Here is what Spokane residents need to know about city’s 2021 snow response plan

The plan includes an overview of new snow tools the city purchased, parking laws during snowstorms, plow maps and more.

SPOKANE COUNTY, Wash. — With Spokane’s snow season just around the corner, the City delivered its 2021-2022 snow response plan on Wednesday at the Northside Landfill.

Spokane Mayor Nadine Woodward said while they can’t predict how much snow the city would have this season, they have designed a snow plan that is able to meet the community’s needs.

The plan advises citizens and gives them a preview on what they can expect this year based on past snow seasons.

The plan includes an overview of new snow tools the city purchased, parking laws during snowstorms, plow maps and more.

The Northside Landfill is one of several locations throughout the area where the city would be stockpiling supplies for the snow season to provide a quicker response when plows are needed. 

Watch the full snow removal plan address below:

Some of the new snow tools purchased this year include the following:

  • The city purchased a slide in sander that can convert a plow truck into a sander without the need for a crane.
  • A total of 17 new and old snow gates are available and the city will continue to add more each year. They allow plow drivers to avoid leaving berms at the end of driveways.  
  • A station to measure street temperatures at higher elevations in the city.

What Spokane residents need to know for parking during the snow season:

  • People need to park on the odd side of the street after a snow fall, so plows can get to the neighborhoods and clean throughout the entire snow season.
  • People living in downtown need to move their cars from the street between 12 to 6 a.m., so plows can clear out the parking bays in the streets.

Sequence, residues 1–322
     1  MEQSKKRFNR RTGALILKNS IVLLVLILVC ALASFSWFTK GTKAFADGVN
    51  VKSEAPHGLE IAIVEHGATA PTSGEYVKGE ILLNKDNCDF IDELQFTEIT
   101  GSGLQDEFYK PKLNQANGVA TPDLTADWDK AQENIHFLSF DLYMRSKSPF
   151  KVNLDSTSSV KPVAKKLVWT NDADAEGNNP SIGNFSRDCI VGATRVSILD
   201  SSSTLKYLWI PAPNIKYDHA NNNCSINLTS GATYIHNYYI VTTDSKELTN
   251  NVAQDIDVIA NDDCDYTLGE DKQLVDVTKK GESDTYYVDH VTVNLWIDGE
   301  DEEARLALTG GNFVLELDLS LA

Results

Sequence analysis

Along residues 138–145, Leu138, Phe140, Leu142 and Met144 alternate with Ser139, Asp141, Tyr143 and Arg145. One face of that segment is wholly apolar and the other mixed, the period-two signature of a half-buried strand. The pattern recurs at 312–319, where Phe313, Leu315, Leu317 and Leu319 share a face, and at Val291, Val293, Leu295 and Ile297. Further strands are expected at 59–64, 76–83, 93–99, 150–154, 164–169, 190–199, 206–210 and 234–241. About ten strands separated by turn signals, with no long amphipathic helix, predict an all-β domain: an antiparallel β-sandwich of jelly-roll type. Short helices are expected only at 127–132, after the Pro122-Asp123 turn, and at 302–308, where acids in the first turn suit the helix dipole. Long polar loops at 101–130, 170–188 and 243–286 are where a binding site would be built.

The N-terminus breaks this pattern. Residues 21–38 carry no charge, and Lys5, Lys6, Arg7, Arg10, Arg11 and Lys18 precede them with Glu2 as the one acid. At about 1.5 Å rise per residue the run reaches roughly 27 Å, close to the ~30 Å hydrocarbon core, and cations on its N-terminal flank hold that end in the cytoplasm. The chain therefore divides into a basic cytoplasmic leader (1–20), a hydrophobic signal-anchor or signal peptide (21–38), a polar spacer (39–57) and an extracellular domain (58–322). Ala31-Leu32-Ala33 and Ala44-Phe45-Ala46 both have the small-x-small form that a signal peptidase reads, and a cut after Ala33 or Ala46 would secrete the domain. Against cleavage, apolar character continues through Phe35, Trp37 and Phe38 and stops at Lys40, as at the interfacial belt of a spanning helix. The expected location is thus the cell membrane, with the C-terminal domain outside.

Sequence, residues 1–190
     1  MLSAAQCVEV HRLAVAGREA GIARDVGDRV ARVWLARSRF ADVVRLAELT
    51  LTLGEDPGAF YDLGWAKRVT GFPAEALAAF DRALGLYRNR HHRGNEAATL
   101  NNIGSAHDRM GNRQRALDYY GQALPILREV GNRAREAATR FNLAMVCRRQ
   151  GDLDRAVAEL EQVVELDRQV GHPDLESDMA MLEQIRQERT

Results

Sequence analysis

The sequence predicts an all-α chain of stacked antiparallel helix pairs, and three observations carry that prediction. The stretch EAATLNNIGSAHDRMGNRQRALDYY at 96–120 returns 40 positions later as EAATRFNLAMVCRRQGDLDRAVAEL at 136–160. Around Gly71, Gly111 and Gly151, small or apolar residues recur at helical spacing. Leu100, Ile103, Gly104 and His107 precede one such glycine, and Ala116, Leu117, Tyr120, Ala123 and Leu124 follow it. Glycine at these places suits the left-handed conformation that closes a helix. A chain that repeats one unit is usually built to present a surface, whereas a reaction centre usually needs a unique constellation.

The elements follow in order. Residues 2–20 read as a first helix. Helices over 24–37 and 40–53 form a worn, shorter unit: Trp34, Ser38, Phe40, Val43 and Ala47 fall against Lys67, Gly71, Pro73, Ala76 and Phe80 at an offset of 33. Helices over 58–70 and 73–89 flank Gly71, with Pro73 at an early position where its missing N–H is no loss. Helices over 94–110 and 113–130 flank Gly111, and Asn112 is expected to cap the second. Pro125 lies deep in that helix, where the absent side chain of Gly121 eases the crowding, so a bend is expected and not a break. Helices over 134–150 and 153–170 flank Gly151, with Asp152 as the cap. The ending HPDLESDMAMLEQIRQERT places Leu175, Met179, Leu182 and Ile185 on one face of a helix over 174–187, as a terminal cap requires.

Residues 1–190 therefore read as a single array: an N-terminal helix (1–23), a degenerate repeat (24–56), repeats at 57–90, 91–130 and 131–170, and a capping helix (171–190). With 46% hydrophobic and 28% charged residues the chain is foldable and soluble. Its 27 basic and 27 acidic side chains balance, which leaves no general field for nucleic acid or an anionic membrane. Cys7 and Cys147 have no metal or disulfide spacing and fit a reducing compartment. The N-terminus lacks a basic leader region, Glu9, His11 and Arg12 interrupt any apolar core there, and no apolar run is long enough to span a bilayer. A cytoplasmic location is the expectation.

• People will be getting courtesy notices on RVs and boats to give citizens a chance to move their cars into winter storage locations. 
  • The city is asking residents and  businesses to be diligent about clearing sidewalks and ADA ramps with the goal of creating a 36-inch, clear path by 9 a.m. the morning following a snowfall. These are important walking areas for pedestrians, routes for bus riders, for disabled individuals and for kids.
  • People should offer help to those neighbors who may not be able to shovel their walks and driveways.
  • Seniors and disabled individuals can call 311 to get connected to a volunteer service for snow removal before there is winter weather.

Tools the public could use during the snow season to be informed: 

  • The city will keep the public informed during the winter by communicating effectively through their social media channels such as the Spokane City Facebook page, Spokane City Twitter, CityCable 5, and through the Spokane City website.
  • People can also use the Plow Map that provides real-time maps of what places the plows are working, what has been cleared and what places haven’t been cleared yet. 

Plow maps:

How people can get ready at home for the snow:

  • Have your shovels ready.
  • People should make sure their snow blower is working or sign up for a snow removal removal service.
  • Check the residential plow map to track the progress of the snow street removal in their area.

Article Source: Krem2